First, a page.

Sam Dente

From BR Bullpen

Sam Dente.jpg

Samuel Joseph Dente

BR page

Biographical Information[edit]

Before the 1941 season, Sam Dente was signed as an amateur free agent by the Boston Red Sox. The 19-year-old infielder was assigned to the class D Owensboro Oilers, where he appeared in 77 games, hit .273 and fielded .901 at the shortstop position. Sam spent two more seasons in the minors (1942 and 1943) before the United States Military asked for his services in World War II in 1944 and 1945.

Sam returned in time for the 1946 season and played 134 games for the class A Scranton Red Sox and hit .289 in 509 at bats. In 1947, Dente was hitting over .300 for the AAA Louisville Colonels and made his major league debut for Boston with a pair of singles off Hal Newhouser of the Detroit Tigers on July 10th. This was the start of a nine-year run for Sam as a big league infielder.

On November 18, 1947, Sam was traded to the St. Louis Browns along with Clem Dreisewerd, Bill Summers and $65,000 for Ellis Kinder and Billy Hitchcock. He had a decent year, hitting .270 in 98 games and fielding .958 at the shortstop spot for the Browns in 1948, but on October 4th he was traded again, this time to the Washington Senators for Tom Ferrick, John Sullivan and $25,000.

"Blackie," as he was called, got off to a fast start at the plate in 1949. The Senators were in first place early in the season and the fans at Griffith Stadium were chanting, "We'll win plenty with Dente." Sam hit a career-high .273 but the team eventually settled into the cellar. He did hurt the Red Sox's pennant chances in late September with a game-winning hit off Mel Parnell in a come-from-behind 2-1 win over Boston.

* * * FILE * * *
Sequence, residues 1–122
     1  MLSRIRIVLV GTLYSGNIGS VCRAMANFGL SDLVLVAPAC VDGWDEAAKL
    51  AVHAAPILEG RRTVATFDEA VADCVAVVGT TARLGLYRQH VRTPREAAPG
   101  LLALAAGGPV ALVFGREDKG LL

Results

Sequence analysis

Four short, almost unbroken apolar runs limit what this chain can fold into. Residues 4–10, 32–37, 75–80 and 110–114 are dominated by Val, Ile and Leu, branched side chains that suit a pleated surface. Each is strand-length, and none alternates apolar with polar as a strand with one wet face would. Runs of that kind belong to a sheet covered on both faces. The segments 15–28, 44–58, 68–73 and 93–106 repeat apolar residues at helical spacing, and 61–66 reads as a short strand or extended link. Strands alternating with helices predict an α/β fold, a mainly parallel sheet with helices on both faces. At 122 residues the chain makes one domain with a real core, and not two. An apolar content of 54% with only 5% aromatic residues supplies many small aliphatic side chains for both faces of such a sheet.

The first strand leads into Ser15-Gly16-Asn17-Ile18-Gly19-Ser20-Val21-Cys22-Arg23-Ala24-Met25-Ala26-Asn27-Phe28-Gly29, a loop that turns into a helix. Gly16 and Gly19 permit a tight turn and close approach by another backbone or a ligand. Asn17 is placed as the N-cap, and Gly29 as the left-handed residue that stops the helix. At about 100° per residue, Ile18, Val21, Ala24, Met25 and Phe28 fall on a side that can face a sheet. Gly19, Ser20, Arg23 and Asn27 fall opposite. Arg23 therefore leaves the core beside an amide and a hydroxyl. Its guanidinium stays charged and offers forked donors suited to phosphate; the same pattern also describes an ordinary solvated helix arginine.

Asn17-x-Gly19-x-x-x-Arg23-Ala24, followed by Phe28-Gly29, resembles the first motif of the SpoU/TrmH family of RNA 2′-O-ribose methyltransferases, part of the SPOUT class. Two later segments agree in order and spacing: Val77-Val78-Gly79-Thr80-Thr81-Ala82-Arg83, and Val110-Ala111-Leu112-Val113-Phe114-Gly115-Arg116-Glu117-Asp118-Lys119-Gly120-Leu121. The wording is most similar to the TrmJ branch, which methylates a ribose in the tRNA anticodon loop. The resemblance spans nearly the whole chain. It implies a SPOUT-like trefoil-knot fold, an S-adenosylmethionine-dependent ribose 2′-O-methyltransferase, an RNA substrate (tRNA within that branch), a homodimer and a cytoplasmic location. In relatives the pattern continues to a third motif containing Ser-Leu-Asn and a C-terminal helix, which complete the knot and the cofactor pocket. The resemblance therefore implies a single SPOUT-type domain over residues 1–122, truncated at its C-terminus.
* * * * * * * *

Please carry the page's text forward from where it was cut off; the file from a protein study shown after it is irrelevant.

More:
Dente played the next two seasons with the Senators before being traded to the Chicago White Sox for Tom Upton on November 27, 1951. "Blackie" was then claimed by the Cleveland Indians after being waived by the White Sox in 1953. He played a significant role for Cleveland in its 1954 pennant-winning campaign, after joining the team from Indianapolis in July. Despite playing with a broken knuckle, he hit over .300 in the month of August after replacing the injured George Strickland at shortstop. He finished the year with a .266 mark after spraining his ankle in early September.

At the end of the 1955 season, he had two ear operations to correct a hearing and equilibrium problem, then retired with a .252 major league career batting average and a .960 fielding percentage. "Blackie" had 13 active seasons in professional baseball from 1941 through 1955; part of those years were spent in the minors, where he appeared in 572 games and had a .261 batting average. He had virtually no power, hitting only four homers in his 8-year ML career -- an average of one very 634 times at bat.

Sam, who was vice president for Merit Mailers Incorporated, died April 21, 2002, at age 79 in Montclair, NJ. Dente would have been proud to know that his grandson Rick Porcello was selected by the Detroit Tigers as a first round pick in the 2007 amateur draft.

Aside from baseball, Dente also played soccer for the Kearny Americans in the American Soccer League.

Baseball Players of the 1950s
SABR MILB Database:page

Related Sites[edit]